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Breastmilk

Extracted from Survival Guide to Midwifery, 2nd Edition (2012) Diane M. Fraser and Margaret A. Cooper, Oxford; Churchill Livingstone: 2012. Courtesy Elsevier

Human milk varies in its composition. The most dramatic change in the composition of milk occurs during the course of a feed. At the beginning of the feed the baby receives a high volume of relatively low-fat milk, but as the feed progresses, the proportion of fat increases. The baby's ability to obtain this fat rich milk is not determined by the length of the feed but by the quality of the attachment to the breast.

It is the fat and not the protein in human milk that has particular significance.

  • 98 per cent of the lipid in human milk is in the form of tricglycerides
  • Over 100 fatty acids have so far been identified
  • Fat provides the baby with more than 50 per cent of calorific requirements

Human milk also provides carbohydrate, in the form of lactose; protein; vitamins A, D, E, K and C; minerals and trace elements, including iron, zinc, calcium; anti-infective factors including leucocytes, especially in the first 10 days of life when there are more white cells in breast milk than in blood; immunoglobulins; lysozyme; lactoferrin; bifidus factor; and hormones and growth factors.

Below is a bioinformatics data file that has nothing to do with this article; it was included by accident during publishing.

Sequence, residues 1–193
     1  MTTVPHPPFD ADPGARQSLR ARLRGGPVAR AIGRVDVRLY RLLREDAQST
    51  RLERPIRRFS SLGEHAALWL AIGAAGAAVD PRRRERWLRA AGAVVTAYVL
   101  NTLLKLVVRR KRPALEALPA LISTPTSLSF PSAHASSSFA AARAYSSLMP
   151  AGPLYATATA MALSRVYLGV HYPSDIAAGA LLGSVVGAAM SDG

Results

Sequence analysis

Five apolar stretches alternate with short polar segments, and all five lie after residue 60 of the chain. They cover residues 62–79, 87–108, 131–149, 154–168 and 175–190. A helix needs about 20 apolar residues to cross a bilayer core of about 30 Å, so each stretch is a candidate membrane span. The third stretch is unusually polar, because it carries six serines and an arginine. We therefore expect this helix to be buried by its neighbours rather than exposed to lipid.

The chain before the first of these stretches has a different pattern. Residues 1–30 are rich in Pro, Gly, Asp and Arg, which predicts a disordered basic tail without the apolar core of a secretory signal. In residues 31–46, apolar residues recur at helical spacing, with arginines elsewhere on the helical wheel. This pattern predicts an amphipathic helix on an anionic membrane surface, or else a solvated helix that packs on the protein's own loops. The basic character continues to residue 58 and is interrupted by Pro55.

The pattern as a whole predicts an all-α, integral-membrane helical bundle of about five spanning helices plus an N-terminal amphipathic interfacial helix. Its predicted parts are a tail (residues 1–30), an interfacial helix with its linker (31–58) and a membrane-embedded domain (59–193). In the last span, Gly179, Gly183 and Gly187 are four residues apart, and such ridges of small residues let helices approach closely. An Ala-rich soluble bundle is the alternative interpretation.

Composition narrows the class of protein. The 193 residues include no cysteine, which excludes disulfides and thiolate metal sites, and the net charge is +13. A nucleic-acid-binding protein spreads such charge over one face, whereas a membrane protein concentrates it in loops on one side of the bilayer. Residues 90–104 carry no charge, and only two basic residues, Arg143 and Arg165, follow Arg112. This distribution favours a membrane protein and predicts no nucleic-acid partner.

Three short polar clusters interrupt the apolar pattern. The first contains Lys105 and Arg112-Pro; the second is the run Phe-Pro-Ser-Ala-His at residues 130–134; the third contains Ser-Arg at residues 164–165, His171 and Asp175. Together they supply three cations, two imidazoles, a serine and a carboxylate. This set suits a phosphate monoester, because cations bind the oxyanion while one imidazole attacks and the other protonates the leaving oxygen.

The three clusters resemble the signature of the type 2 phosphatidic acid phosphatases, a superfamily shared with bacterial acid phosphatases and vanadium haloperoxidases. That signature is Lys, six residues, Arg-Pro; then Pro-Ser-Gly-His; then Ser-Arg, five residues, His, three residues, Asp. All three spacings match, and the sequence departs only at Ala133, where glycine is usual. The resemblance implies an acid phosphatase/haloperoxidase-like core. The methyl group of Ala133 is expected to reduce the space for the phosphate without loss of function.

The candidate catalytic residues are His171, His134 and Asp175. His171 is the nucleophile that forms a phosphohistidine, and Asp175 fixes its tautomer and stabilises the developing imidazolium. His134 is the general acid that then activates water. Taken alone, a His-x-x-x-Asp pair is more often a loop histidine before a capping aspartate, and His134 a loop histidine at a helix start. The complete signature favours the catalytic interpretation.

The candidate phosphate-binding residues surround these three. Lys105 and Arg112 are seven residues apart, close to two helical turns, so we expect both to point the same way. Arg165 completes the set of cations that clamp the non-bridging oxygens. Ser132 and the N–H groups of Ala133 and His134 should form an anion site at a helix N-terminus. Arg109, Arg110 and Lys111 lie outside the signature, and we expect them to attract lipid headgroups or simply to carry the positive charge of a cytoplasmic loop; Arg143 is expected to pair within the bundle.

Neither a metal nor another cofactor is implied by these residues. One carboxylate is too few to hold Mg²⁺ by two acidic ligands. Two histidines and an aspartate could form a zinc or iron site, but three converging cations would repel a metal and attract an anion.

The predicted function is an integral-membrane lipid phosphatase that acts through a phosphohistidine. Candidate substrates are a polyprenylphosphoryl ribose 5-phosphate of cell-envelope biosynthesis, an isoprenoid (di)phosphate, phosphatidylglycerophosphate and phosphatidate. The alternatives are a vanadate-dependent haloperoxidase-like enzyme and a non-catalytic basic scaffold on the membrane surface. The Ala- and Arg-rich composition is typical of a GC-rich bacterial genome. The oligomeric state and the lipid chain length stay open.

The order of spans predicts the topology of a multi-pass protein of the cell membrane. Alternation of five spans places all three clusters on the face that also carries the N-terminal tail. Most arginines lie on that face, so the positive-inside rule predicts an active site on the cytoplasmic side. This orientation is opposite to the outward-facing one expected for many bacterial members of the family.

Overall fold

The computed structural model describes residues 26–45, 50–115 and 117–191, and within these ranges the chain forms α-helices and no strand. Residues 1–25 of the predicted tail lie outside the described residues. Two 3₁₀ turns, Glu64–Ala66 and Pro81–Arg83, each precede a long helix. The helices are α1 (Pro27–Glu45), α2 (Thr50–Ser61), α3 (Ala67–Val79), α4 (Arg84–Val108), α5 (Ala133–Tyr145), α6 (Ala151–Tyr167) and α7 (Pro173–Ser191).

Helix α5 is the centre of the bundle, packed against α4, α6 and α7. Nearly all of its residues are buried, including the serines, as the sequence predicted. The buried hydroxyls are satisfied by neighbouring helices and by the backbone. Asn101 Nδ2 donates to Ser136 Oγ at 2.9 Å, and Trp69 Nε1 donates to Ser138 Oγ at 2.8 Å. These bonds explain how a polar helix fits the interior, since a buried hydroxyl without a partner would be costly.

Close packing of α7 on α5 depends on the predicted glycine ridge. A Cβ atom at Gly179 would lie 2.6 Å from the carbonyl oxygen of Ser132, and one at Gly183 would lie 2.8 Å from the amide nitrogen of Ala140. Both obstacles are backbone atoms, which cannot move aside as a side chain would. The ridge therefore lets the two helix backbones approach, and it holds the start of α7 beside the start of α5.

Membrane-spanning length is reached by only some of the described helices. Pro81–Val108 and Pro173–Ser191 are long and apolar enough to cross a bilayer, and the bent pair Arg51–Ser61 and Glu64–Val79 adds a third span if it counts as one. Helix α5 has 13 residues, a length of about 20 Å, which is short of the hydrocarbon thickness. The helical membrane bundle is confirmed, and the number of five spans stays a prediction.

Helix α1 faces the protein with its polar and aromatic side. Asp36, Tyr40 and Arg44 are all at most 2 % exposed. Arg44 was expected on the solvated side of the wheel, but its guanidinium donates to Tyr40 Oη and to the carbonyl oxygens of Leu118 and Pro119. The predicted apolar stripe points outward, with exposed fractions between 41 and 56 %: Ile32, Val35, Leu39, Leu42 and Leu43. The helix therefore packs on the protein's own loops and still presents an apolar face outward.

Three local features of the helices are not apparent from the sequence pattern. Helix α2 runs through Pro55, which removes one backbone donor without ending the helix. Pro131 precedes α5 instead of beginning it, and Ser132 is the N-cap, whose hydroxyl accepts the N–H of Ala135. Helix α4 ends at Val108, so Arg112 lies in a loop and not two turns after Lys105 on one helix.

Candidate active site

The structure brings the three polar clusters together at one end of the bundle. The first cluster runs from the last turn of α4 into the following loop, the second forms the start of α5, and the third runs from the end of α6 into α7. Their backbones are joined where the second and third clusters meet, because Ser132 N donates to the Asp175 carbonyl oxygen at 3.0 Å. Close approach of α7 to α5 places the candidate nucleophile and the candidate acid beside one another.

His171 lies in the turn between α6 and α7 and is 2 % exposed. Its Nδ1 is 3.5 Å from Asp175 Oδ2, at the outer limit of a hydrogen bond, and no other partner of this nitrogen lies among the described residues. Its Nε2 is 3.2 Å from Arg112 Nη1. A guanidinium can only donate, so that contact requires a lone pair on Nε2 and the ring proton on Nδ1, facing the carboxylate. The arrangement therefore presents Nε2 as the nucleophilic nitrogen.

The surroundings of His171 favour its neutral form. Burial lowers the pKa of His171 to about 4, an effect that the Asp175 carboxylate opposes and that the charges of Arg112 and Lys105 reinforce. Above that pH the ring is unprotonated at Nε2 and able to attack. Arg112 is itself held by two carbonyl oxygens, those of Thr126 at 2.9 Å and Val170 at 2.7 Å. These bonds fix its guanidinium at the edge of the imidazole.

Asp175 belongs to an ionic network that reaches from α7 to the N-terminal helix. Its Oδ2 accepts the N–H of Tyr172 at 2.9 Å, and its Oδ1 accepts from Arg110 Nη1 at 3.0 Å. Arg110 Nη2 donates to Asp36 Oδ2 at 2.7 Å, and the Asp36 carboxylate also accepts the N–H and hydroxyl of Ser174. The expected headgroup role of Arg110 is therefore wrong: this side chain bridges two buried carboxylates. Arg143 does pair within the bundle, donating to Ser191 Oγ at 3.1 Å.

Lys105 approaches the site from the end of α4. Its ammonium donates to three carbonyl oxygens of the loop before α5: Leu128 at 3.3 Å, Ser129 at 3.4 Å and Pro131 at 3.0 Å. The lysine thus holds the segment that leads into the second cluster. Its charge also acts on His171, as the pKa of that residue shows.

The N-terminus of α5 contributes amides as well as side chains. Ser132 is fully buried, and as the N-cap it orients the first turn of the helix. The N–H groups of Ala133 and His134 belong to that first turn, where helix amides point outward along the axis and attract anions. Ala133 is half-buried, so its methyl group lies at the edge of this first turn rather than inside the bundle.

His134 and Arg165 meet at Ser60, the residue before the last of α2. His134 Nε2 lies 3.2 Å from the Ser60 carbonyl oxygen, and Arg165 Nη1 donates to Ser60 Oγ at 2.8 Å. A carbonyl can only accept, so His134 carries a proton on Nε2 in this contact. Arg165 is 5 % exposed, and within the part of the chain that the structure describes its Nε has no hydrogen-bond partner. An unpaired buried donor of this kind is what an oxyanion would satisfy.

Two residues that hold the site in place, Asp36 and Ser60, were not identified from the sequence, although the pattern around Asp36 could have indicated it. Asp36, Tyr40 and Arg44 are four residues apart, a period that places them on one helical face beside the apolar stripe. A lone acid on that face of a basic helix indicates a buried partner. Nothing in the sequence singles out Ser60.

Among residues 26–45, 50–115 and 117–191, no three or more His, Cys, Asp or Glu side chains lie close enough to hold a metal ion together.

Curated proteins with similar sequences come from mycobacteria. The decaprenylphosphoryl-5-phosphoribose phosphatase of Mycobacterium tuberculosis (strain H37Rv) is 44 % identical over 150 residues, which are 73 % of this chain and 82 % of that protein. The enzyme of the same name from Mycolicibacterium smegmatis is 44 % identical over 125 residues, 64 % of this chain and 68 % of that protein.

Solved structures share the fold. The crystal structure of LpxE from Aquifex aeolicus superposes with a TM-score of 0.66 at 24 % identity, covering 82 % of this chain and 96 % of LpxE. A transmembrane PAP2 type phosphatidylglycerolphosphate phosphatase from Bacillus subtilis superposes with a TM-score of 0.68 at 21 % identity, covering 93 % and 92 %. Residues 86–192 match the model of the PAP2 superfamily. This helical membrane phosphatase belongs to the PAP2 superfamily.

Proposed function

The Practising Midwife featured articles

Human Milk: Medicine for Premature Babies 2011; 14 (11): 32 Author: Sioned Hilton

Breastmilk breaks new boundaries 2012; 15(7): 37-39 Author: Sioned Hilton

Further reading

Infant Nutrition Council (Australia & New Zealand). Breastmilk information. http://www.infantnutritioncouncil.com/resources/breastmilk-information/ Ballard O, Morrow A. Human Milk Composition: Nutrients and Bioactive Factors. Pediatr Clin North Am 2013; 60(1):49-74 Available at: http://www.ncbi.nlm.nih.gov/pmc/articles/PMC3586783/

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